Figure 2: The mission of Consortium for Translational Orthodontic Research is to integrate basic science, clinical science, and industrial resources in the field of orthodontics. It functions as a driving force in advancement of orthodontics

One of the most successful productions by CTOR is the innovative concept and device, micro-osteoperforation (MOP), which was originally designed to facilitate orthodontic treatment. It has been commercialized and is gaining popularity in the global market for its efficiency and effectiveness in accelerating orthodontic treatment, and its versatility in clinical applications.

In this article, we would like to share the story of how MOP technique was successfully developed, from conceptualization, bench study, clinical study, to now available for orthodontic clinicians on all continents. We will summarize the scientific evidence in the biological mechanism, efficiency, and effectiveness of MOP. The basic guidelines on how to apply this technique in daily practice will also be reviewed.


MOP is a concept and technique developed by CTOR less than a decade ago. Its effectiveness and efficiency in accelerating tooth movement were first proven by animal and human studies conducted by scientists and clinicians at CTOR. The technique/device was then patented by CTOR, and licensed to Propel Orthodontics (Ossining, NY, USA) to commercialize the device. Since Propel’s establishment in 2010, they have had ever-increasing sales in the global market, in a scope of multimillion US dollars annually.


Over the past decade, accelerated orthodontics has become one of the most extensively researched and marketed areas in the orthodontic arena, and it still has much potential to grow. Several techniques have claimed to improve treatment efficiency, that is, especially beneficial for shortening treatment duration in complex adult treatment. As a result, these techniques have been marketed as practice building tools. However, not all of these techniques have been proven effective scientifically.

On the other hand, as a matter of fact, the level of scientific evidence that MOP bears is one of the highest among all accelerated techniques. Therefore, it is able to provide clinicians promising and consistent clinical outcomes. In the following sections, we will demonstrate the conceptualization and progression of scientific evidence of MOP.

Biology of orthodontic tooth movement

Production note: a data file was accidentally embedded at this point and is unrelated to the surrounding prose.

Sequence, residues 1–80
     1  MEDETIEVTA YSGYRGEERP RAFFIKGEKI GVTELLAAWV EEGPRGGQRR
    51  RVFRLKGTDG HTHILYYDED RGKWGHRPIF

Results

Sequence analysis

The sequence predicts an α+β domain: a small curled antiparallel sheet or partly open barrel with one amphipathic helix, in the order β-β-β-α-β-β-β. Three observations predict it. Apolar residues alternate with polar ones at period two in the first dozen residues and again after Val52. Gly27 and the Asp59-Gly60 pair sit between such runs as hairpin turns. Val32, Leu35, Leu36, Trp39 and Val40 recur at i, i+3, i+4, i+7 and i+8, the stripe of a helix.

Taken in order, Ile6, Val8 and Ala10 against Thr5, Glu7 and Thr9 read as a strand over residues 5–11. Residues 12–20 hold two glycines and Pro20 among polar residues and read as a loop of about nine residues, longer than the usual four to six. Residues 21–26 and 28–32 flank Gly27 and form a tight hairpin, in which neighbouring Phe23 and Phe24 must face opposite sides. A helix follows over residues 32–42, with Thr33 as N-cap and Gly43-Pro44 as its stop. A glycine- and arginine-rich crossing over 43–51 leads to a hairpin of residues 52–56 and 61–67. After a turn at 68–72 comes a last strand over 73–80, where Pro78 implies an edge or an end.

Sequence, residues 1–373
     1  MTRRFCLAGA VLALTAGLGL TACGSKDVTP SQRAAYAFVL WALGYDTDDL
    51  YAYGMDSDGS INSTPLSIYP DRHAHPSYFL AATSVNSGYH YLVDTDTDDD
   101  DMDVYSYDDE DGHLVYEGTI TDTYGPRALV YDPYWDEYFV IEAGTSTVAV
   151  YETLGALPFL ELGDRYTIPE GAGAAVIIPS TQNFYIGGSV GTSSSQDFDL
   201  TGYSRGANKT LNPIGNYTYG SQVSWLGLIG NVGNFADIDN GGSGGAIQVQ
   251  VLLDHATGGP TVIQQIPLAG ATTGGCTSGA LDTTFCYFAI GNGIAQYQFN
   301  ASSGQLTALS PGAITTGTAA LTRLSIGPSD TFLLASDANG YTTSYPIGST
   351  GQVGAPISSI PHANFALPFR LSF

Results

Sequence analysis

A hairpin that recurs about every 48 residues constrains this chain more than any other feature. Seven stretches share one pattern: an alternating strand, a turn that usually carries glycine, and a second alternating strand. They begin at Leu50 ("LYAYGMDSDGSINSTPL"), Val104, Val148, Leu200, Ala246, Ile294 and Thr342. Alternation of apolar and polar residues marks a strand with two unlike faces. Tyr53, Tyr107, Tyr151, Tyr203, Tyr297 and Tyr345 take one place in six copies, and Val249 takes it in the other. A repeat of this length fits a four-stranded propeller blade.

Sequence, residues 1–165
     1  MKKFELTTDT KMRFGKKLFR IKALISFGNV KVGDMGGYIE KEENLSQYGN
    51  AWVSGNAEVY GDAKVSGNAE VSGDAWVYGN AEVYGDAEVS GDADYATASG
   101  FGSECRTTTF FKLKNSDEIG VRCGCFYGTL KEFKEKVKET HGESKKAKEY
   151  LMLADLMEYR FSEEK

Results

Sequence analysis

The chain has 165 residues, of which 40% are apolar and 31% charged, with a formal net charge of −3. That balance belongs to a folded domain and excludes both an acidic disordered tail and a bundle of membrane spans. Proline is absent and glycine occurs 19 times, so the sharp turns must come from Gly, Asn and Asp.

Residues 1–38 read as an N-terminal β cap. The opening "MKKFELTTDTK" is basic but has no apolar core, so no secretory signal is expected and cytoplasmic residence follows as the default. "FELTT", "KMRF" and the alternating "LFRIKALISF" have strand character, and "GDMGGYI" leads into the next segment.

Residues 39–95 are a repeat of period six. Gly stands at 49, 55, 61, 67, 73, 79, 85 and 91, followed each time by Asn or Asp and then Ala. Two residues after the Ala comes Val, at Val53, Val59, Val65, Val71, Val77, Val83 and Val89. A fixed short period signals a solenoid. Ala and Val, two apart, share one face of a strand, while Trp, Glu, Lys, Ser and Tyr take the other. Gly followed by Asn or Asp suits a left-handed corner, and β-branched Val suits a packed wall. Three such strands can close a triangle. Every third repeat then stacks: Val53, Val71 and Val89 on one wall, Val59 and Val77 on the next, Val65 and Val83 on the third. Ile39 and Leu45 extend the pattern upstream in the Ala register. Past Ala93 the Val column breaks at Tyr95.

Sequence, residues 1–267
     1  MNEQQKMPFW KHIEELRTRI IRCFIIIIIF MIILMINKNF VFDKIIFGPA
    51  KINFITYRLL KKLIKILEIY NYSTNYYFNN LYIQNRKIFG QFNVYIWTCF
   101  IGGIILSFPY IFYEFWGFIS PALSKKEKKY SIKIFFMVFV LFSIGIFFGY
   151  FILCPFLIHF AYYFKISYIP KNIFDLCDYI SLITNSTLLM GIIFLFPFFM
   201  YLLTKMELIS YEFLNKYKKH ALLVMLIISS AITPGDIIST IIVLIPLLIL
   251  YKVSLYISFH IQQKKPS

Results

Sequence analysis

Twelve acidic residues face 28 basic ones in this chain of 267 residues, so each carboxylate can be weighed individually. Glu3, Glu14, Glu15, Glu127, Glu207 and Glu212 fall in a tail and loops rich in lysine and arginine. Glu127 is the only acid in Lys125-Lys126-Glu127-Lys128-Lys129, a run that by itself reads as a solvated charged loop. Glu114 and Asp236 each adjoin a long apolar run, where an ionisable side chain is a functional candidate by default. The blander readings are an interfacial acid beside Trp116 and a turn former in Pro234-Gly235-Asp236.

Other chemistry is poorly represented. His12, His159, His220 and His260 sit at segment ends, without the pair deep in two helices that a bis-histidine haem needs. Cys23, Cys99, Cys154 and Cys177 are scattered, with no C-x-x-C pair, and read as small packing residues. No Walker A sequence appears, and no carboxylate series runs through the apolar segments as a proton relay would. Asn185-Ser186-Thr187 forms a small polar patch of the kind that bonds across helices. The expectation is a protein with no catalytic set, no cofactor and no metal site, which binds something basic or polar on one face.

Biological response plays a central role in controlling orthodontic tooth movement.[2] Force application on teeth induces an aseptic, acute inflammatory response that involves a series of molecular and cellular events, resulting in osteoclast formation and activation that initiates bone remodeling machinery and allows movement of teeth to occur. During the inflammatory response, a repertoire of chemokines and cytokines are activated thus inflammatory cells and osteoclast precursors are recruited into the area; in turn, more inflammatory markers are released which directly or indirectly activate RANK-RANKL pathway toward osteoclast differentiation and activation [Figure 3]. Therefore, the rate of tooth movement is determined by the rate of bone resorption in the direction of movement; meanwhile, the rate of bone resorption is determined by the rate of osteoclast formation. The positive correlation between the activities of inflammatory marker, osteoclast activation, and rate of tooth movement has been demonstrated in our previous study in rats and humans.[3-5]

Figure 3: Diagram of cellular events in the compression side in response to application of orthodontic force

The importance of cytokines in controlling the rate of tooth movement can be appreciated from studies that block their effects. It has been shown that injection of interleukin-1 receptor antagonist or soluble tumor necrosis factor (TNF)-α receptor type I antagonist results in a 50% reduction in tooth velocity.[6-8] Similarly, tooth movement in TNF receptor type II-deficient mice is reduced compared to wild-type mice.[9] Animals deficient in CC chemokine receptor 2 (i.e., the receptor for chemokine ligand 2) or chemokine ligand 3 show a significant reduction in orthodontic tooth movement and the number of osteoclasts.[10] Likewise, it is well known that nonsteroidal anti-inflammatory drugs can reduce the velocity of tooth movement by inhibiting prostaglandin synthesis.[11,12] Inhibition of other derivatives of arachidonic acid, such as leukotrienes, also significantly decreases the rate of tooth movement.[13]